Philosophical study of life, death, and nature

Home > List of Diary Entries > This page



Back to home
About this site


Diary Apr. 2003
Morioka's personal diary
If you have any comments please post them on the message board, or use our feedback form.
> Jump to the latest entry



I have got a severe hay fever. My nose is stuffed up and my eyes have turned red. The medicine makes me feel very sleepy, so I often sleep during meetings at the college. The other day I was drinking a cup of tea on the roof of a department store, and a big statue of Pikachu was standing in front of me. This is one of the most loved creatures Japan has exported to the world.

What's New: New information was added at History of Bioethics page. Please give us information about your country.



War ended and some thousand people, including many civilians, were killed. One sided information was provided through TVs in the US, hence, ordinary people in the US may only know a one sided story about the war. I believe people visiting here must have much more information gathered from various websites around the world. We have a special discussion board on the war (in Japanese); we were able to know various information. Anyway, people here are saying that one of the America's next targets would be North Korea. If so, it will be a nightmare especially for us living in Japan because Japan and/or South Korea might be battlefields. Many Iraqis were killed, they

Photo: Flowers of Magnolia (Kobushi in Japanese).

Link: Pictures of Civilian Victims of the Anglo-American Aggression in Iraq. They say, "Please note that some of these pictures are not suitable for small children and those who have weak hearts."

What's New: Nothing



I am going to join the conference, "What are the Common Grounds: An American and Japanese Dialogue on Genetic Disease Linked to Racial and Ethnic Groups." 8-9 May, 2003, Tokyo. (Details here) The following is my abstract. (List of abstracts by other participants)

Reconsidering Ethical Issues of Prenatal Screening
Masahiro Morioka

I would like to start with a fundamental question: "What is wrong with prenatal screening?" Many bioethicists might find no ethical problems in prenatal diagnosis, but in Japan, disabled activists and feminists still think that there are ethical problems with prenatal screening and selective abortion even if it is made by free decision.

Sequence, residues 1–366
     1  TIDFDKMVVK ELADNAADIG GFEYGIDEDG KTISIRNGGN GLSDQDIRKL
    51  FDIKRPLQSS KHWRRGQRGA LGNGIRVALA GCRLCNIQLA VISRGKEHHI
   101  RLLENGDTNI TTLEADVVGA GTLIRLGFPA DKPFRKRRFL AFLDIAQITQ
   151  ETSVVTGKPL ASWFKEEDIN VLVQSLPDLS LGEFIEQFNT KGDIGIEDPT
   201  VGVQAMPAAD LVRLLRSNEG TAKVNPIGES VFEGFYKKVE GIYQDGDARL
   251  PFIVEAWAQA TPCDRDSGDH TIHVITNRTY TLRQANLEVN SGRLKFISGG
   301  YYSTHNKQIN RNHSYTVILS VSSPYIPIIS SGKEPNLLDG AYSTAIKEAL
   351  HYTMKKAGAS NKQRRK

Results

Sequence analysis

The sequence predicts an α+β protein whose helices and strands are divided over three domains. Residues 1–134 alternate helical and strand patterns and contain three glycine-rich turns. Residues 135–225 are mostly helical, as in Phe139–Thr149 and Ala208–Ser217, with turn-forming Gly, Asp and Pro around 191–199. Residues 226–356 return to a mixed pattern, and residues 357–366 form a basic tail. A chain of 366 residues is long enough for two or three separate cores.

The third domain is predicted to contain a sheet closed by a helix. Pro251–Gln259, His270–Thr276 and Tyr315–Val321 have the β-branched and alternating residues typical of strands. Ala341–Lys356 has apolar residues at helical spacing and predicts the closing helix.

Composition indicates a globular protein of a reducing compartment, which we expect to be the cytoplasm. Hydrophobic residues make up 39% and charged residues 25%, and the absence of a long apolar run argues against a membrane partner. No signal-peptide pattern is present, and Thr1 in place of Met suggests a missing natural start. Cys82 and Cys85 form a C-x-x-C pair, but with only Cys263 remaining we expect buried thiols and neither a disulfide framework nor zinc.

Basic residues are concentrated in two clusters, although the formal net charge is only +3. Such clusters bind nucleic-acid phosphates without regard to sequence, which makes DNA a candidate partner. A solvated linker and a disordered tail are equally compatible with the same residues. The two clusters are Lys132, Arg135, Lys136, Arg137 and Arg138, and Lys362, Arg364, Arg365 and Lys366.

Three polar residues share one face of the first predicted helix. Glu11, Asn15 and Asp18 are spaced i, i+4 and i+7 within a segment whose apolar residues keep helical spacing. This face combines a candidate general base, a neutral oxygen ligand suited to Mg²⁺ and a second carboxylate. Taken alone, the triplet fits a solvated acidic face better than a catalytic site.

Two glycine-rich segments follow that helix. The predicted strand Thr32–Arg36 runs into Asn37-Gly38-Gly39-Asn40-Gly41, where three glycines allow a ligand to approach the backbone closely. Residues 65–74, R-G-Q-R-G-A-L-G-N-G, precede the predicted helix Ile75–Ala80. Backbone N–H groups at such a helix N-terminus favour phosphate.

Disabled activists in 1970s argued that technologies that select the quality of human life threaten their "existence" because these technologies systematically deprive them of a "fundamental sense of security." They thought that if these technologies are widely accepted in our society, many people start to see disabled people as humans who should not have been born. Their glances toward disabled people disempower the will to live, and deprive disabled people of a sense of security that they are unconditionally accepted to our society.
Disabled activists argued the following points to protect "fundamental sense of security" in our society.

1) They demanded that the existing laws encouraging the erosion of "fundamental sense of security" should be abolished or revised.
2) They demanded the government and scientists to refrain from developing new technologies that would lead to the selection of human life.
3) They hoped that ordinary people would refrain from having prenatal diagnoses and abortions of disabled fetuses.

We need to develop a kind of "wisdom" that we should voluntarily refrain from choosing the alternatives that may erode our "fundamental sense of security," even if they are not illegal.
What is needed, in addition to "wisdom," to protect "fundamental sense of security" in our society is to create an "untouchable area (sanctuary)" from technological interventions in human life. That is to say, we put some reproductive technologies or their future possibilities into an untouchable area and prohibit us from using or developing them.
In the conference I would like to discuss these points.

Photo: A signboard to urge drivers to slow down. You can see a driver's yell "Oh my God!" ("Uwaa..." in Japanese) and a crying little girl.

What's New: Nothing